In the interest of keeping this professional site, well…professional, I think we all are familiar with the term BS. When I was a kid, my father used to tell me, “Never try to BS a BSer.” And while maybe not the most politically correct advice, it is certainly solid. In the travel industry, it is particularly valid.
When I came into the industry in 1997, the Internet was still relatively new. The progressive agencies had email—but few clients with which to communicate with by that means. Few agencies had websites—but not many visitors. No agency had online looking capabilities. Wow, how times have changed. The world came to our desktops at work and into our homes. And then it came to our phones and in our hands. I am knowledgeable on many things, expert on a few; and with the sheer volume of information online, I also recognize that my clients may very well know more than me at times. And it is exactly because of this that I never hesitate to say, “I don’t know, but I will find out.”
The clients that call you have called you for one of two likely reasons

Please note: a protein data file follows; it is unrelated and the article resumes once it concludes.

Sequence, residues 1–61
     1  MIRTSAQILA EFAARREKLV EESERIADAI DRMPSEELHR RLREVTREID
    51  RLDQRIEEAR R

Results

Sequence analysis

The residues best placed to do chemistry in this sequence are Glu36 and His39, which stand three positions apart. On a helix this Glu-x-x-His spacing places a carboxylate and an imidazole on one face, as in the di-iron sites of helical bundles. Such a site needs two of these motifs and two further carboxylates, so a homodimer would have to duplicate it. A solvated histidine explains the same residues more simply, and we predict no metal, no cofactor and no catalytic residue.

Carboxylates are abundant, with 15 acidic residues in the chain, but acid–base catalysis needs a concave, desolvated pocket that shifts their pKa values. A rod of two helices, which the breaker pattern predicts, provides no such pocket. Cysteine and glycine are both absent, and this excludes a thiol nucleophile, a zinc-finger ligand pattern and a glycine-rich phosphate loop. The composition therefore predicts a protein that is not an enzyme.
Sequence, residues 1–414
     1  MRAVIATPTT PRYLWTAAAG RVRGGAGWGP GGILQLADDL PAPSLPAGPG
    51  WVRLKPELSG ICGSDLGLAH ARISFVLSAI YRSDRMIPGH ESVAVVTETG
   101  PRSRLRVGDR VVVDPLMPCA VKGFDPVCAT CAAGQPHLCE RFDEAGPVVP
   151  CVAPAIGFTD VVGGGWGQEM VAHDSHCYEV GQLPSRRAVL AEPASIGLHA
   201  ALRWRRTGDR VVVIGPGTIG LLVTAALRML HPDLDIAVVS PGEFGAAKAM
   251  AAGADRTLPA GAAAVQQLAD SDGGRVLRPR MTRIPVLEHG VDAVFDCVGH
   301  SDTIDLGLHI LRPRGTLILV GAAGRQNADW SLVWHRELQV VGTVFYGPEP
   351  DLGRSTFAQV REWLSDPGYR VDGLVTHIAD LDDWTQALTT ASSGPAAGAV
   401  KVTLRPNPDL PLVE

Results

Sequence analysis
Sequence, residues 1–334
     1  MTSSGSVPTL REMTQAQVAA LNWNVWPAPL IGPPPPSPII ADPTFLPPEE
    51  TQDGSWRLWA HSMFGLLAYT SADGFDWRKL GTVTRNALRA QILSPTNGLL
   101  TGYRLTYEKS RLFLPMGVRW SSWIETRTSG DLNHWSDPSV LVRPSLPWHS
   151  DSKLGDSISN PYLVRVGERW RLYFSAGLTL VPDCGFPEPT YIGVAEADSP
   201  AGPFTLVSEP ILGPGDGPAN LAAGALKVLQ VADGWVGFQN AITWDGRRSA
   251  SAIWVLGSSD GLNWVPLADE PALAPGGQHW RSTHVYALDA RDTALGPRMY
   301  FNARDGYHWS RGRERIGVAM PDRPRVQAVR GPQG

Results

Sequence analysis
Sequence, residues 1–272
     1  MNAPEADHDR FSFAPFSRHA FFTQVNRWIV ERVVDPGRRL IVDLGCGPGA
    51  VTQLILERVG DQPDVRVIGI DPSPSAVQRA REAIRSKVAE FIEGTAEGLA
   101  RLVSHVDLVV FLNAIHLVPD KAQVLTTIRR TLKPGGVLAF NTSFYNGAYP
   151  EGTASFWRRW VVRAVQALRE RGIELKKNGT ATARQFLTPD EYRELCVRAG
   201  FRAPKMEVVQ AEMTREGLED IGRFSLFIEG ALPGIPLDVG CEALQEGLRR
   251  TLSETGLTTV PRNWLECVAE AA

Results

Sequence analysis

- They like the convenience of using an agent
- They have sought you out for your value
They are not necessarily looking for the cheapest price—they can probably find it somewhere else cheaper. They are not looking for the passion you have for travel—let’s be real, we all say that and it is a meaningless marketing tagline. They want your help to create a unique experience; and they want you to use your knowledge and connections to achieve that. But the caveat is that today’s client is more about the experience than the product and likely has done a significant amount of research (and dreaming) prior to sending that email, or picking up the phone.
I might even suggest that the client might be testing you to see if you are the right agent for their experience. You may be tempted to BS your way through a phone call, but it will backfire! Did you know that the Mandarin Oriental was just sold and rebranded as the Loews Regency San Francisco? Your client probably does—and if he is a Platinum YouFirst member, you better believe it matters. If you try to BS your way through that, you will lose your client. Alternately, if resist the temptation for instant answers and offer to get back to them—you can come off as a superstar. If a client poses a question, it is never a bad thing to admit you don’t know—as long as you follow it up with a promise to find out.
There is no room for BS in the travel industry. When you make a mistake, own it and make it right. When you do not know, say so and find out. We are living in a world brimming with information at our fingertips and in the travel realm, it is our job to curate, cultivate, and refine that information into actionable, valued information for our clients.